Although the historical record reveals much about formal religious occasions and ceremony, we should remember that Greek religion was in fact practised anywhere, at any time, by private individuals in a very personal way. Not only temples but also the hearth in private homes was regarded as sacred, for example. Individuals could also visit a temple anytime they wanted to and it was customary to say a prayer even when just passing them in the street. People left offerings such as incense, flowers, and food, no doubt with a hopeful prayer or in gratitude for a past deed. Individuals could also organise their own private sacrifice if they had the means to do so, and these have been commemorated in thousands of stone relief markers found at sacred sites. In addition, temples were often visited in order to seek healing, especially at those sites associated with Asclepius the god of medicine, notably at Epidaurus.
People also looked for signs from the gods in everyday life and to interpret these signs as indicators of future events. Such signs could be birds in the sky or a spoken word between friends said at a particular moment or even a simple sneeze which might be interpreted as an auspicious or inauspicious omen.
Such beliefs and, indeed, certain aspects of religion such as the immorality of the gods as portrayed in the arts, were severely criticised by intellectuals, artists, and philosophers from the 5th century BCE, but these may or may not reflect the commonly held views of the wider populace, and it is difficult to believe from the wealth of archaeological and written records that religion was anything but a fundamental part of life for the ordinary inhabitants of the ancient Greek world.

Temple › Ancient History

Definition and Origins

by Joshua J. Mark
published on 02 September 2009
Temple of Poseidon, Sounion, Greece (Jehosua)
A temple (from the Latin 'templum') is a structure usually built for the purpose of, and always dedicated to, religious or spiritual activities including prayer, meditation, sacrifice and worship. The templum was a sacred precinct defined by a priest (or augur) as the dwelling place of a god or gods and the structure built there was created to honor the Deus Loci (spirit) of a certain place. Early temples were constructed on sites which the people felt had a numinous quality to them which indicated the presence of a god, gods, or spirits. Some the earliest examples of these outdoor temples still extant are in Orkney, Scotlandat sites such as the Ness of Brodgar. Throughout the United Kingdom, the stone circles and structures from the Neolitic Period are all known to have once been used for religious ceremonies whether on a large scale, such as at Brodgar or more modest sites like the one at Clava Cairns. The Mayan temples are also thought to have begun as modest outdoor sites before the rise of the great pyramid temples such as El Castillo at Chichen-Itza. The word 'temple' dates to around the 6th century BCE in reference to Roman places of worship.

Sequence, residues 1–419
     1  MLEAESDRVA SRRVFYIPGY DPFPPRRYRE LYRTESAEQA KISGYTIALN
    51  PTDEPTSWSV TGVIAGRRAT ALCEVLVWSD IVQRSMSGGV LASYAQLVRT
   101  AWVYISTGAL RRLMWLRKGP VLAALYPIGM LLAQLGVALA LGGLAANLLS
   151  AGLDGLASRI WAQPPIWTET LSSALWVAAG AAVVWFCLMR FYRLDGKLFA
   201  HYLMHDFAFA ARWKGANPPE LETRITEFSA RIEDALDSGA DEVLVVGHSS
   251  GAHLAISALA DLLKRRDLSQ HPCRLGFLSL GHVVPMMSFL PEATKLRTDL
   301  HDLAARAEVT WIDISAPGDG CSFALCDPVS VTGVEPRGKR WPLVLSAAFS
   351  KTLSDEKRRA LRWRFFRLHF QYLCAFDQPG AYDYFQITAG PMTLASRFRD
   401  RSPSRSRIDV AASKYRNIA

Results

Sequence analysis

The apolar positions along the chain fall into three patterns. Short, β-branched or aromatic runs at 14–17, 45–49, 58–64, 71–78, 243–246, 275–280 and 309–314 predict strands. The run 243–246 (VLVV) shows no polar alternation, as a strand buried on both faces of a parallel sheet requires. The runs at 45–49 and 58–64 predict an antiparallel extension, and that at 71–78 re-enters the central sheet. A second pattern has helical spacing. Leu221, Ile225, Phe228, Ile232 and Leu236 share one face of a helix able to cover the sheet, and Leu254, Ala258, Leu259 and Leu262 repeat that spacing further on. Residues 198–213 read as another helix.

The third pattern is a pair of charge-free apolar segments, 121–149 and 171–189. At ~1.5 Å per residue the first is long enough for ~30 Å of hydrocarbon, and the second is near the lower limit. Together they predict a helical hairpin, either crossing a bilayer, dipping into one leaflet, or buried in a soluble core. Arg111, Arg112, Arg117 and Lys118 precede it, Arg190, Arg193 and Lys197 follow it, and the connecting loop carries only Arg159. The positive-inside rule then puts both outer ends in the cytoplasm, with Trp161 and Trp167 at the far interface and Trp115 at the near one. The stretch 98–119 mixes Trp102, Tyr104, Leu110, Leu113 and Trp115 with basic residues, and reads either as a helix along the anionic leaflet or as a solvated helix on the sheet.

The oldest known temple is that at Göbekli Tepe in southeastern Turkey which is 11,500 years old and is decorated with reliefs and pictograms of various plants and animals thought to represent the gods of that place. The temple is an extraordinary building of the Neolithic era with T-shaped pillars and engravings which have yet to be completely understood. The design of the temple, however, with a large room toward the front (possibly for public functions) is recognized in later temples from other cultures. The Gobekli Tepe Temple's stone carvings of plants and animals suggest an animistic focus of the belief structure of those who built the site. Animism is the early religious belief that everything on earth, whether animate or inanimate, possessed a soul or intelligence which needed to be recognized and respected. This belief was shared by the Native Americans of North America, the Maya, in the Chinese belief system of Taoism and the Japanese religion of Shintoism among others. The Egyptians, to name another example, held that all of life was sacred.